TORONTO, Oct. 27, 2008 / CNW Telbec
Family doctors and psychiatrists should carefully monitor the heart health of patients with anxiety disorders, Dr. Simon Bacon told the Canadian Cardiovascular Congress 2008, co-hosted by the Heart and Stroke Foundation and the Canadian Cardiovascular Society.
“People with anxiety disorders are four times more likely to develop high blood pressure (hypertension) over one year than those of us who are anxiety free,” says Dr. Bacon, a Heart and Stroke Foundation researcher at the Montreal Heart Institute. “Hypertension is a leading risk factor for stroke and heart disease.”
Anxiety disorders are among the most common of all forms of mental illness, according to Dr. Bacon. People affected frequently (often daily) experience intense feelings of fear and distress that are typically out of proportion to the actual threat or danger. They also tend to disrupt daily functioning, including personal relationships and the ability to work. They include general anxiety disorder, panic disorder, obsessive compulsive disorder, and social phobia.
“Anxiety can cause increases in your blood pressure and heart rate. If it is persistent, those effects could be damaging,” says Heart and Stroke Foundation researcher and spokesperson Dr. Brian Baker. “While we still need more understanding about how anxiety is associated with sustained high blood pressure, it is important that blood pressure is regularly monitored in people with anxiety disorders and that therapy – including anxiety management – is considered.”
Dr. Bacon says that anxiety can lead to unhealthy lifestyle choices, including poor diet, smoking, and physical inactivity, which can also increase a person’s overall risk for heart disease and stroke.
“In the general population, at any point in time, anxiety disorders affect approximately 12 per cent of people,” says Dr. Bacon. “And, anxiety disorders are generally twice more common among women than among men.”
Dr. Bacon’s research followed 185 patients with normal blood pressures for one year. The mean age of the patients was 58 years; 39 per cent were women, and 61 per cent were men. Sixteen per cent of patients had an anxiety disorder and 14 per cent had a mood disorder. Mood disorders include major depression, minor depression, and dysthymia.
Each patient underwent a structured psychiatric interview and provided information about their health. At the end of one year Dr. Bacon again collected information about participants’ health.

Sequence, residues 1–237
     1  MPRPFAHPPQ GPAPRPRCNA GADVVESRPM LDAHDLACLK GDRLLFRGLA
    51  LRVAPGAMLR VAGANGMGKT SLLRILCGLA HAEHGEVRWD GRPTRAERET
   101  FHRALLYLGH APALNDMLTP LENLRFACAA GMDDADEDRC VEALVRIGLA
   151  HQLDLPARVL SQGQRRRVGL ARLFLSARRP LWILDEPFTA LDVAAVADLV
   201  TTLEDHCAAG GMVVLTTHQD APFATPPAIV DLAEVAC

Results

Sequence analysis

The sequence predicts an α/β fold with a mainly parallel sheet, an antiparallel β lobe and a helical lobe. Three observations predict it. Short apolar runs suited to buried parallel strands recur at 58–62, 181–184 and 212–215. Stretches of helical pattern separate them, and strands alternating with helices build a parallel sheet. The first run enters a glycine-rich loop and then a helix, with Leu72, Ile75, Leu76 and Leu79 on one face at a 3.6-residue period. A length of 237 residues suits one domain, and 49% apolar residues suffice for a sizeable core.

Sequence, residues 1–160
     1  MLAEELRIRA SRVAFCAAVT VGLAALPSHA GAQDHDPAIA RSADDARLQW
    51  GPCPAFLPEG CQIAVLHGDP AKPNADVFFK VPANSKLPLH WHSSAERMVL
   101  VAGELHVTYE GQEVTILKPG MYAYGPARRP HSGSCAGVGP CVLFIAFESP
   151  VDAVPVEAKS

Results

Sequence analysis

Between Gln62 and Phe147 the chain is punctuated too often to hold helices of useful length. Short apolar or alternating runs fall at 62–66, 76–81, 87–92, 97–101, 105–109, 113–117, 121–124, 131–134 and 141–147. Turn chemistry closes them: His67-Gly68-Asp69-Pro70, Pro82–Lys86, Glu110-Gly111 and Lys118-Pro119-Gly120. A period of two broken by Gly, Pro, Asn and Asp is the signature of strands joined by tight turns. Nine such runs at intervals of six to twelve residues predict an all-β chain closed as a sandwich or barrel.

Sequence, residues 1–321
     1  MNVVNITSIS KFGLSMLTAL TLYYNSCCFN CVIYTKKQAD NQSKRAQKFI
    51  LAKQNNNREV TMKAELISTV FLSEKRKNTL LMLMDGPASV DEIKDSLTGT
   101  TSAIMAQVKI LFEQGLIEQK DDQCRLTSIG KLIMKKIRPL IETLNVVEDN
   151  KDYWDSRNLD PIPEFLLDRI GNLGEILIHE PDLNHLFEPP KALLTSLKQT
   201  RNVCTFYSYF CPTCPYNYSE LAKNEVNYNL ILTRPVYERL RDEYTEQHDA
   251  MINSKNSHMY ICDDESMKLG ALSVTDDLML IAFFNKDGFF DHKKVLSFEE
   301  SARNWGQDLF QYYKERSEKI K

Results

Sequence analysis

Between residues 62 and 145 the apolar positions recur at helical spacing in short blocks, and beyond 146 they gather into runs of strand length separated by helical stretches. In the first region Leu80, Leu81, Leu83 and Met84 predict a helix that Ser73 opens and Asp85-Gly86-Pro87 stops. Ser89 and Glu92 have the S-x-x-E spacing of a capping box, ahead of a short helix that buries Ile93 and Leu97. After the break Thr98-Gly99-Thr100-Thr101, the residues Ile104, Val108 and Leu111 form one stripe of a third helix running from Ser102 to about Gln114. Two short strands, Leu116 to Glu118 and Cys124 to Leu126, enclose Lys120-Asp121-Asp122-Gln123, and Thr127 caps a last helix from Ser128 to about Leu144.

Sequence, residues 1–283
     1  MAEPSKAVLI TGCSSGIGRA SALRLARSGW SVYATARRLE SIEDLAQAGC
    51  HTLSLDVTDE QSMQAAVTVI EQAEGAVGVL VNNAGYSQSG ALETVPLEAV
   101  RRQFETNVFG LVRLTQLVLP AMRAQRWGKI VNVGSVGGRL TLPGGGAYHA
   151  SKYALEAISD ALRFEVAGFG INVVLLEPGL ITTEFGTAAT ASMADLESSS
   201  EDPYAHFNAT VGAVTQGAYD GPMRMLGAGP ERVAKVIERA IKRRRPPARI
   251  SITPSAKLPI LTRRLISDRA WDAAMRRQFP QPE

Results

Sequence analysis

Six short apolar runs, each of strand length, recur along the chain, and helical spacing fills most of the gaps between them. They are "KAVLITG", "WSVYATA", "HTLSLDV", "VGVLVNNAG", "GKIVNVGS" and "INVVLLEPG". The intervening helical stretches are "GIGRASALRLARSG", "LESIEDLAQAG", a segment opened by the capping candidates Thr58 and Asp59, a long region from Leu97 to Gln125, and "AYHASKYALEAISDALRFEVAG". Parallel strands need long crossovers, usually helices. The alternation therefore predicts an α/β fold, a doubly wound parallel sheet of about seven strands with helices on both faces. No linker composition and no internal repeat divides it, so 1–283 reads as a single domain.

Four per cent of the subjects without an anxiety disorder developed high blood pressure. However, 14 per cent of those who had an anxiety disorder developed hypertension.
The increase in high blood pressure did not apply to patients with mood disorders. “Our study also showed that patients who developed mood disorders were not at a higher risk of developing hypertension,” says Dr. Bacon.
“It is possible to have both,” says Dr. Bacon. “It is very common to be depressed and anxious. But our study separated them out and found – at least over one year – that anxiety is a major culprit in hypertension.”
Depression has a pronounced but indirect effect on the development of hypertension. People who are depressed tend to exercise less and make unhealthy lifestyle choices, according to Dr. Bacon.
But anxiety may create a direct, physiological response – a shock to the nervous system:
- Unlike the relatively mild, brief anxiety caused by a stressful event (such as speaking in public or a first date), anxiety disorders last at least six months and can get worse if they are not treated.
- Anxiety disorders commonly occur along with other mental or physical illnesses, including depression, alcohol, or substance abuse, which may mask anxiety symptoms or make them worse. In some cases, these other illnesses need to be treated before a person will respond to treatment for the anxiety disorder.
- Effective therapies for anxiety disorders are available. Most people with anxiety disorders lead productive, fulfilling lives. People who think they have an anxiety disorder should seek information and treatment right away.
“One of the main messages here is that it is important to look after one’s mental health as much as one’s physical health,” says Dr. Bacon. “If you have chronic anxious feelings, this could lead to worse heart health. There is no need to suffer – there are very good treatments out there.”
Statements and conclusions of study authors are solely those of the study authors and do not necessarily reflect Foundation or CCS policy or position.
The Heart and Stroke Foundation of Canada and the Canadian Cardiovascular Society make no representation or warranty as to their accuracy or reliability.
The Heart and Stroke Foundation (heartandstroke.ca), a volunteer-based health charity, leads in eliminating heart disease and stroke and reducing their impact through the advancement of research and its application, the promotion of healthy living, and advocacy.